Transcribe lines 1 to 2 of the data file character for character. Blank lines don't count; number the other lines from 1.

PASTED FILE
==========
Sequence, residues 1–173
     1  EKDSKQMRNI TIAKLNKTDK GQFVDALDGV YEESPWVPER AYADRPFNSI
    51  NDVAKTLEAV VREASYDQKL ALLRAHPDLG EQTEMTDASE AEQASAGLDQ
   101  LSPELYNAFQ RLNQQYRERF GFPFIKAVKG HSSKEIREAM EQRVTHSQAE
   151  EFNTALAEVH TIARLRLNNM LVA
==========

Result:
Sequence, residues 1–173
     1  EKDSKQMRNI TIAKLNKTDK GQFVDALDGV YEESPWVPER AYADRPFNSI